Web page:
The Carian Villages: Notes

1 Diodorus 19.12.1, ‘παρεχείμασε μὲν τήϛ Βαβυλονίαϛ ἐν ταῖϛ ὀνομαζομέναιϛ Καρῶν κώμαιϛ.’


2 Diodorus 19.27.4; cf. Bevan 1902: 44.


3 Wesseling 1746: 326 and n. 86, ‘Diceres propter Carrhas fuisse, mora Abrahami & Crassi clade nobilitatas, nisi illae L. XIX, 91. extra Babyloniam, uti erant, locarentur.’


4 Droysen 1836: 263 n. 5; cf. Diodorus 17.110. 3 ‘After this he marched with his army from Susa, crossed the Tigris, and encamped in the villages called Carae. Thence for four days he marched through Sittacenê and came to the place called Sambana’, after which he proceeded to ‘the region called Bagistanê’ and eventually ‘to Ecbatana in Media.’ Note, however, Niese 1893: 259 n. 1: ‘Ob die Karerdörfer dieselben sind, wie die von Diodor [X]VII 110, 3 erwähnten Κάραι ϰῶμαι, wie es anzunehmen nahe liegt, ist nicht sicher.’


5 Herzfeld 1948: 39; cf. Högemann 1985: 108-109 and n. 35, who suggested that in the Achaemenid period ‘das ganze Mündungsgebiet von Euphrat und Tigris Krkā benannt worden.’ This relates to krkā/charax, not to Carians. For the ethnic, see Eilers 1935.


6 E.g. Bosworth 2002: 108 n. 42. Anson 2015: 174, located the Carian villages ‘approximately 20 miles northeast of Babylon’ but the basis of this conjecture is unclear.


7 Arrian 3.8.5: ‘The Carians who had been transplanted and Sitacenians were brigaded with the Babylonians.’ Cf. Heckel 1997: 221 n. 46 who linked these Carians with those of Eumenes’ Carian villages. Arrian’s juxtaposition of Carians and Sittacenians led Christensen 1993: 59 to the unjustified suggestion that, the ‘Carian villages’ were located ‘in the Sittacene district, on the east bank of the Tigris.’


8 For the original publication see BRM 1, 71, where the relevant ethnic was misread as kar-dak-a and understood as a reference to a ‘man from Kardak.’ The correct reading was published in Eilers 1935: 207.


9 Weissbach 1939: 195: ‘Eilers verdanke ich den ersten Hinweis auf die Tatsache, dass diese Karer in den Zeiten Artaxerxes’ I. und Darius’ II. in der Gegend von Nippur eine Ansiedlung (aluban-né-šú, auch aluKAK-UR-MAḪ geschrieben) besassen.’ See BE 9, 28 obv. 2, 50 obv. 5 and BE 10, 93 obv. 5.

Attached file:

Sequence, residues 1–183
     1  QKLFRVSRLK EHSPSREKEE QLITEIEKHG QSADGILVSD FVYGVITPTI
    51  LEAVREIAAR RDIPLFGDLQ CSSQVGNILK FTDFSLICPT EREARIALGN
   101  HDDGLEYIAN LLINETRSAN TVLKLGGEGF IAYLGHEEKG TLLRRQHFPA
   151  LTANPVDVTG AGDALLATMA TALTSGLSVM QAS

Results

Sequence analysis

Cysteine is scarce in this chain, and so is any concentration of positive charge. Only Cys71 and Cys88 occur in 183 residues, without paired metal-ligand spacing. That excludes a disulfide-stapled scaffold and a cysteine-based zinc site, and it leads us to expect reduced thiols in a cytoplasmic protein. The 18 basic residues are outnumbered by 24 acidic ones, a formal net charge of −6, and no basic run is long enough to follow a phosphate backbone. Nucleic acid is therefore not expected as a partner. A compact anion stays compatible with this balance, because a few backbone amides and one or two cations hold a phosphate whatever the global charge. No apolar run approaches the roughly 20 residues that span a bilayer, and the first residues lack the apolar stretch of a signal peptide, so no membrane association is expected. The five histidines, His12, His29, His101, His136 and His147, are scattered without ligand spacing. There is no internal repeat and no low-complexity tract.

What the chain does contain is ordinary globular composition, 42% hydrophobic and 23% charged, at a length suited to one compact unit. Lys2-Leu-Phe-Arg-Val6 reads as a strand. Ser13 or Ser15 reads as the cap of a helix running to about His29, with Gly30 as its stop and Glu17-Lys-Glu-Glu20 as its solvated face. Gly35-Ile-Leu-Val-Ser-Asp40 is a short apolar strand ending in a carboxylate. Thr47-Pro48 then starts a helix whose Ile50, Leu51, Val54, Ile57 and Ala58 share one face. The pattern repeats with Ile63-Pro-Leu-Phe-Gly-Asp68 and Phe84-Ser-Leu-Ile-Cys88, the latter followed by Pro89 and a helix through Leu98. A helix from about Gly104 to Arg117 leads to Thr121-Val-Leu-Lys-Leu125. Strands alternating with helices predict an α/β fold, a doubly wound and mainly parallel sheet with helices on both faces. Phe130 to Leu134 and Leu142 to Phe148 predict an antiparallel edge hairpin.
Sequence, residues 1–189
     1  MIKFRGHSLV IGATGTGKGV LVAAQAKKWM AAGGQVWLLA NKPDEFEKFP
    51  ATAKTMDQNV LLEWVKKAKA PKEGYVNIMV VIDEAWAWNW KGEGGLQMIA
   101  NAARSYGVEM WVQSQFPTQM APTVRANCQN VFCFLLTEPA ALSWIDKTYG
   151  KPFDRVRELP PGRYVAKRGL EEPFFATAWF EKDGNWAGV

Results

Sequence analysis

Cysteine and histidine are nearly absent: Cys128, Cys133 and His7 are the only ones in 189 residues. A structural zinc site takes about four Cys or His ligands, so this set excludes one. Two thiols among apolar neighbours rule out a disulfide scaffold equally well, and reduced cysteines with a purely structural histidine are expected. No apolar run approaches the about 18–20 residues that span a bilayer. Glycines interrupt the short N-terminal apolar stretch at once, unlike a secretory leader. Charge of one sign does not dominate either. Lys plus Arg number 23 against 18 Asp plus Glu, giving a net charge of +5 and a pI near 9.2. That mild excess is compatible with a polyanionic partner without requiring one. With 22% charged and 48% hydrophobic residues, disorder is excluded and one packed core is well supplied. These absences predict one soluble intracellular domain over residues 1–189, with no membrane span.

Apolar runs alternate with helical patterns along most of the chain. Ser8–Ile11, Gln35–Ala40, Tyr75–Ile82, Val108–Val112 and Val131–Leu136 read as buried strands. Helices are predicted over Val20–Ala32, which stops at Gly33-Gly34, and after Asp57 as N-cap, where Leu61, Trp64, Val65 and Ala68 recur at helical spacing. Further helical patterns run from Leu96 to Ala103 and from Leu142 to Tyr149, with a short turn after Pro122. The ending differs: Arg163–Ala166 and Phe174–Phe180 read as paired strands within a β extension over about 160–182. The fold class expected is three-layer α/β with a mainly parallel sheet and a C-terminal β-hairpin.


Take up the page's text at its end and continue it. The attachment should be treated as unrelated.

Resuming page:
10 Cf. MacGinnis 2014: 121, ‘The Ionians and Carians who transported timber from Babylon to Susa may well represent the populations deported to lower Babylonia and Elam from Ionia in the aftermath of the revolt. On the other hand, tempting as it is to suggest that the Carians in Borsippa in the reigns of Cambyses and Darius I had also been deported thither following the revolt, Waerzeggers has convincingly established that they had come via Egypt and were possibly mercenaries.’ Cf. Christensen 1993: 59 who supposed the Carian villages originated with the post-revolt deportations. On the unlikely possibility of the Carians mentioned in DSf having been deportees see Badian 2004.


11 Raaflaub 2004: 207 and n. 12 with refs. Fantalkin 2001: 141 disputes this on the grounds that there is no clear Assyrian evidence.


12 Waerzeggers 2006: 7; Jursa & Waerzeggers 2009: 262. Zadok 2004: 114 noted that, ‘The term ti-ir-gu-ma-nu (‘interpreter’) is recorded only once in N/LB, namely in BM 109365 … from Borsippa, 9.X.517/6 BCE. This deed is a receipt for rations … which are assigned to [f]Tu-tu-bé-e-su, the Carian woman (uruKa-ar-sa-‘-i-<tu>) until the end of the same month (X). They consist of unspecified quantities of flour, cress, oil and salt. The receipt belongs to the archive of Ardiya s. of Šulā desc. of Iliya, who distributed the rations, and was written by the same scribe as that of BM 26756 (unpubl.), issued in Borsippa half a year earlier, on 9.IV.517/6 BCE … The interpreter Tatannu, whose name is Akkadian, is described as Carian’.


13 Already noted by Eilers 1940: 227: ‘Wie andere Volksgruppen … waren auch die Karer des Zweistromlandes unter der Obhut eines šaknu zusammengefaßt.’


14 BE 9, 28 from Artaxerxes I year 31 = 434 BC and BE 9, 50 from Artaxerxes I year 36 = 429 BC.


15 PBS 2/1, 42 from Darius II year 3 = 421 BC.


16 BE 10, 93 from Darius II year 4 = 420 BC.


17 PBS 2/1, 126 from Darius II year 6 = 417 BC.


18 Heller 2010: 343, ‘Benannt sind sie nach einem bislang unbekannt gebliebenen karischen Toponym.’


19 Mentioned in OECT 10, 404, 406. See Zadok 1985: 31.


20 Eilers 1940: 226: ‘Vielleicht gelingt es in umfassender Untersuchung einmal, die örtliche Festlegung des alten Kanalsystems im Zweistromlande an Hand der heutigen Geländespuren durchzuführen, so daß auch die genauere Lage der beiden genannten Wasserläufe und damit möglicherweise sogar der Ort dieser babylonischen Karersiedlung bekannt wird.’


21 Stolper 1999; cf. Zadok 2005: 81-82. Van Driel 1989: 206 suggested that‘Their land is situated on a canal called Nar-šarri, possibly the canal towards Uruk South of Nippur in an area where there was crown property.’


22 Tubach 1995: 102-103: ‘vermutlich einer Ḫaṭru-Organisation, die zum Aufenthalt eines größeren Heereskontingentes die nötige militärische Infrastruktur bot (317/16 v.Chr.).’